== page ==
Shows of the Week: Rotting Christ Remains Brilliantly Blasphemous

What to see and what to hear.


Kaho Matsui is one of the most exciting experimental artists in Portland, with a fearsomely prolific output and a diaristic approach that often entail making whole albums in days or weeks—a surprising fact given the complexity and depth of albums like her new No More Losses, a collaborative effort with features from a who’s who of local experimentalists. Yet before she started recording three years ago, Matsui was already a regular on the live circuit, and she’s due to make an appearance at The Six. The Six, 3341 SE Belmont St. 8:30 pm. $10. 21+.


Rotting Christ emerged from Greece in 1987 as one of the most blasphemous metal bands in the world, pushing their sacrilegious lyrics to extremes that would be comical if their music didn’t sound genuinely frightening. They’ve caught no end of legal trouble for it on their international tours, and at a time when the innocuous likes of Sam Smith wearing a bargain-bin devil hat at the Grammys can spark a Satanic panic among the Christian right, the music of Rotting Christ feels both exhilarating and necessary. Bossanova Ballroom, 722 E Burnside St. 7:30 pm. $25. 21+.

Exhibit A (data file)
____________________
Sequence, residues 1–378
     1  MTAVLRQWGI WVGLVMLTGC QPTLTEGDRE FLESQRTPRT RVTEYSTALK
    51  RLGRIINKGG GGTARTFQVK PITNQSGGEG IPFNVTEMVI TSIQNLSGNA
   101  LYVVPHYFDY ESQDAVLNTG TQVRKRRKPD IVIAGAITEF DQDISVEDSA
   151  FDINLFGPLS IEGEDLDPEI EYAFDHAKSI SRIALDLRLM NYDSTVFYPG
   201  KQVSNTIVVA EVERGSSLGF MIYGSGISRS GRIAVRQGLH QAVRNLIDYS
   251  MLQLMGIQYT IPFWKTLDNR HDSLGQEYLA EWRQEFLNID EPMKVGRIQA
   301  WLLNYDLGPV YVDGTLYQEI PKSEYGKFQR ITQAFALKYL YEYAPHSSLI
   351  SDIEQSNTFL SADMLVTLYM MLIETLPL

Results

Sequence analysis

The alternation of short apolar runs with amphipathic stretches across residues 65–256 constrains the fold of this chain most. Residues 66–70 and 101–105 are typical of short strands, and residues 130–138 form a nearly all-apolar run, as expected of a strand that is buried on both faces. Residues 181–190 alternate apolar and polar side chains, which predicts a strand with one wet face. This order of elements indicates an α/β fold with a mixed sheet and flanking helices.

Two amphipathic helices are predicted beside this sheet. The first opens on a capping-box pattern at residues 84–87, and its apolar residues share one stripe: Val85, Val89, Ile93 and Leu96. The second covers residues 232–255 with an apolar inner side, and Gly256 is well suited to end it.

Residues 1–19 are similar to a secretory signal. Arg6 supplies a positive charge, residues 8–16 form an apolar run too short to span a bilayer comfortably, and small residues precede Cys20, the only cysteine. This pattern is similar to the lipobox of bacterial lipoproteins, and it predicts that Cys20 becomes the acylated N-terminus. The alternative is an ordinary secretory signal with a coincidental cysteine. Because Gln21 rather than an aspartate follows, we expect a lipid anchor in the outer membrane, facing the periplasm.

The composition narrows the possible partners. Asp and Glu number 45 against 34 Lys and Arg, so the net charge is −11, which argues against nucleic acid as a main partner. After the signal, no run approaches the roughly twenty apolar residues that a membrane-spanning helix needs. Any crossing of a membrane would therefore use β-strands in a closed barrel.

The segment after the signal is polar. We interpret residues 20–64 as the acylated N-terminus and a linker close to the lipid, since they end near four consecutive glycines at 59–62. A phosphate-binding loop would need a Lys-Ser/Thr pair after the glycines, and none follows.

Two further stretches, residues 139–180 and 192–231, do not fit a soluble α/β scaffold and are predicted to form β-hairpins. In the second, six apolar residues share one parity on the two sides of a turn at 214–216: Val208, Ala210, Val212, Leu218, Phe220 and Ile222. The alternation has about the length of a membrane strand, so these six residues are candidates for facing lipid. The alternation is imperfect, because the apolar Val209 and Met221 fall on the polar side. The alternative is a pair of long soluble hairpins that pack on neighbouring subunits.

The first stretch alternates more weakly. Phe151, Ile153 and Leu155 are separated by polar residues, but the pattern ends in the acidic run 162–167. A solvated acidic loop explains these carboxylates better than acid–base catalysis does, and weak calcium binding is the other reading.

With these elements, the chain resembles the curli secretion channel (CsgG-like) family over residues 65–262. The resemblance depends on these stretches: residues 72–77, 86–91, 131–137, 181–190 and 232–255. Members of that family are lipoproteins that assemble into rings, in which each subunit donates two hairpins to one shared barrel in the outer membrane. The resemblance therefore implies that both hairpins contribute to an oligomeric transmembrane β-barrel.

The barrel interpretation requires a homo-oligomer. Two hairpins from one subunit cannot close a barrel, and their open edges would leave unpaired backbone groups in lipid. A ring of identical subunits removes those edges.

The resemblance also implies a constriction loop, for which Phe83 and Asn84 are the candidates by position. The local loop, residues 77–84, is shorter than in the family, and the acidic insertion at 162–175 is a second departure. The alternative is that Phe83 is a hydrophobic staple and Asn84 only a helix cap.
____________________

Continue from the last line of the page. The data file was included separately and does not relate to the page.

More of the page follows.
Across 10 albums in 20 years, Cass McCombs has emerged as one of the great perennials of American roots rock. Without a single towering underground classic to live up to, he can indulge in a formidably consistent if low-key career, earning the respect of the likes of Bob Weir and finding fans in indie, jam band, and Americana circles. His new album, Heartmind, feels like a milestone in his career, dealing honestly with the alternately exciting and exhausting life of a touring musician. Doug Fir Lounge, 830 E Burnside St. 9 pm. $22. 21+.

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